Mr. Kevin M. Allin: Better Off Dead?
Depending on your point of view, the songs that rock nihilist GG Allin sang were a direct reflection of just how screwed up or revolutionary he was – “Bite It You Scum,” “I Wanna Kill You,” “Expose Yourself to Kids.” But a more fitting GG theme might have been a punk anthem written in the late 70’s by Boston’s Peter Dayton: “Better Off Dead.”
GG Allin’s death last summer of a drug and rock ‘n’ roll overdose made the front page of the New York Press (his debut there, we assume). And it certainly adds some topical interest to “Hated: GG Allin and the Murder Junkies,” the new, hour-long Todd Phillips’ documentary on Allin’s quest to break barriers – whether they needed to be broken or not. Unrated but easily an NC-17, “Hated” is playing late shows at Brookline’s Coolidge Corner Moviehouse, where at a recent screening a lustful young fan yelled, “Take me here, take me now,” to GG’s brother Merle. The film, perfect for snuggling up with the special someone, has been released on video by Film Threat Video (PO Box 3170, LA CA 90078).
Born Jesus Christ Allin, August 29, 1956 (thusly named because his father had “visions” before his birth), his mom changed it to Kevin Michael before GG (brother Merle’s phonetic nickname for him) started school. Merle says GG took after his recluse dad, who wanted to commit suicide and take his family with him. Small wonder that GG later said, “If it wasn’t for what I do on stage, I’d probably be a mass murderer or something.”
Arrested over 50 times, the Concord, NH-bred Allin toured in between prison terms. He broke parole for a Michigan felony assault charge to take advantage of Phillips’ offer of a one-way bus ticket to New York. Talking to Phillips camera, Allin seems no more disturbed than your average angry rocker.
But on stage, where he usually performed naked, bodily fluids, defecation, rolling in glass and fights with the crowd were a big part of GG’s bloody and bruised punk rock. “My body is a rock ‘n’ roll temple, and my flesh, blood and body fluids are a communion to the people, whether they like it or not,” he says during a “Geraldo” appearance.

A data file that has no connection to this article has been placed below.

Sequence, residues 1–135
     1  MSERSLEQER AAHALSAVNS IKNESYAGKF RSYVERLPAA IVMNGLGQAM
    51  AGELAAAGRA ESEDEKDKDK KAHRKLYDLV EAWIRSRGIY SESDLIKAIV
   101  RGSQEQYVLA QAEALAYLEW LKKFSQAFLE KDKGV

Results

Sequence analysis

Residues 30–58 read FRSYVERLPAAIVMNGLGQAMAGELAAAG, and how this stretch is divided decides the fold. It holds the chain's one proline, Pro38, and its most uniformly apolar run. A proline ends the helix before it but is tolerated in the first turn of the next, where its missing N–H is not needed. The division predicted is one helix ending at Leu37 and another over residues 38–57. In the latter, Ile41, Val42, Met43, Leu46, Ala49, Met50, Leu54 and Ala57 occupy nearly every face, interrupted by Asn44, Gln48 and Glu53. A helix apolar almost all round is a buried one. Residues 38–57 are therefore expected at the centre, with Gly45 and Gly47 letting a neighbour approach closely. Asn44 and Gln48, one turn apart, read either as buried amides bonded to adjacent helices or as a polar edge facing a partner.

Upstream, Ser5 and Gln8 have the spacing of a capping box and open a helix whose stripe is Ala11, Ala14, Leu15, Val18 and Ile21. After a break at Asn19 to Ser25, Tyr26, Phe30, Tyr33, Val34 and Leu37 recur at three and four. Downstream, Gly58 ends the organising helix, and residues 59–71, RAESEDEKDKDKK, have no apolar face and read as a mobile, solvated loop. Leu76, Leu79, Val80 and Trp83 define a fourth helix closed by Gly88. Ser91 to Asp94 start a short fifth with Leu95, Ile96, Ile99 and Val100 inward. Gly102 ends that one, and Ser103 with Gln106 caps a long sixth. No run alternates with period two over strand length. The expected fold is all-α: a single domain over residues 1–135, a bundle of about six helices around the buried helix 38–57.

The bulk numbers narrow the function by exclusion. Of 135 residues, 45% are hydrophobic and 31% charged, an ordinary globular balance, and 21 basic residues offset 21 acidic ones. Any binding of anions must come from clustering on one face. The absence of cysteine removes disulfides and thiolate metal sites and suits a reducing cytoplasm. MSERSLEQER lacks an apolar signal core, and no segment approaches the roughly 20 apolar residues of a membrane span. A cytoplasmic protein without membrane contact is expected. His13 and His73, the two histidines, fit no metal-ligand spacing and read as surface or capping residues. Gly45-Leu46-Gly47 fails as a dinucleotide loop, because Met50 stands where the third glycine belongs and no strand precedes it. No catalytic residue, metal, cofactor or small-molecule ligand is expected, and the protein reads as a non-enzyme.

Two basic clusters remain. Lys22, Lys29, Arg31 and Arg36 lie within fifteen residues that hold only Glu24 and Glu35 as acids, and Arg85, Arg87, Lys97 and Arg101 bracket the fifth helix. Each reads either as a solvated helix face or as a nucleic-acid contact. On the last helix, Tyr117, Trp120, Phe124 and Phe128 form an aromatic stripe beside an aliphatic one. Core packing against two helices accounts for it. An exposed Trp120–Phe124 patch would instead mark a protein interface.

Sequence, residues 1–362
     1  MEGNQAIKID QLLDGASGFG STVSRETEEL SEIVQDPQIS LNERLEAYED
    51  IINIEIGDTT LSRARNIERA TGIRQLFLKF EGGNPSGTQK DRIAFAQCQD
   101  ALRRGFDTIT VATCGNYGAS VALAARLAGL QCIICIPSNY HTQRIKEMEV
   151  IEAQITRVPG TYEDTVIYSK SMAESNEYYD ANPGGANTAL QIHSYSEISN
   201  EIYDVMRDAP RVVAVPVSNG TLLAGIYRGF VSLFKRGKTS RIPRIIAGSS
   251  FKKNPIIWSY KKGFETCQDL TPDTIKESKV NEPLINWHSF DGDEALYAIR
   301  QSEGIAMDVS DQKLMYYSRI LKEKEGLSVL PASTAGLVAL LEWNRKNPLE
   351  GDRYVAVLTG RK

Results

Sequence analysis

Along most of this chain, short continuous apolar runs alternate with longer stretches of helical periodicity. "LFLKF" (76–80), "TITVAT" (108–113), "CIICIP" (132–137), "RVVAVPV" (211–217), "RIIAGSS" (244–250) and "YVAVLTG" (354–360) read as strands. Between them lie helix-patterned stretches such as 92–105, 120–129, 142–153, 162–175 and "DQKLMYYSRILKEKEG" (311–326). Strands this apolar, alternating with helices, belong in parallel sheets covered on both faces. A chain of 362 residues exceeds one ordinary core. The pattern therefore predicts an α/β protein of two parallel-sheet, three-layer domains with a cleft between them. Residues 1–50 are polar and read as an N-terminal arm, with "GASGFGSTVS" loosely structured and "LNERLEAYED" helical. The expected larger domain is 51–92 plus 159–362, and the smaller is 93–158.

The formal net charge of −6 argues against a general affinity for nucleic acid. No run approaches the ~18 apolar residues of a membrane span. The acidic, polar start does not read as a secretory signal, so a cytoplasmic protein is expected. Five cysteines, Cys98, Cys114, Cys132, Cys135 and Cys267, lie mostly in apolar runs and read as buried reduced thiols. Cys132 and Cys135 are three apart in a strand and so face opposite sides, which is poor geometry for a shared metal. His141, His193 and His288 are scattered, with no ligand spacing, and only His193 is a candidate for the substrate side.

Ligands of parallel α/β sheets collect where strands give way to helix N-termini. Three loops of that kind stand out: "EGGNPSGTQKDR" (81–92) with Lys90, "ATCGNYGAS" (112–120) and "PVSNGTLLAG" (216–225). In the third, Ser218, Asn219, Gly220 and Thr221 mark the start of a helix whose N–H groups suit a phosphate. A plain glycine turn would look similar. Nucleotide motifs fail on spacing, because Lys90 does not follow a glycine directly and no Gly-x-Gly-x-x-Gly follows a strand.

Though he expired alone in a Lower East Side room, Allin had long promised to kill himself on Halloween on stage for all to see. One scene in “Hated” shows Allin setting fire to a copy of the Boston Herald after your’s truly questioned his commitment to self-snuffing. But who’s to say he wouldn’t have done it; after all, he was a hero to serial killer John Wayne Gacy. (Phillips sold art by Gacy to help finance the film.)
Audiences will be fascinated by “Hated” despite themselves. The film steers between satire and tragedy as it examines Allin’s attempts to bring danger back to rock ‘n’ roll, and Phillips remains surprisingly neutral throughout the interviews, live footage, and television excerpts, neither lionizing GG’s social commentary and nor passing him off as a self-destructive degenerate jerk.
Credits roll as Allin asks Phillips to accept his collect call, one of many Allin placed from prison to friends, journalists, and Boston Rock. Does anybody know what Sprint’s long distance rates to the netherworld are these days?
— Tristram Lozaw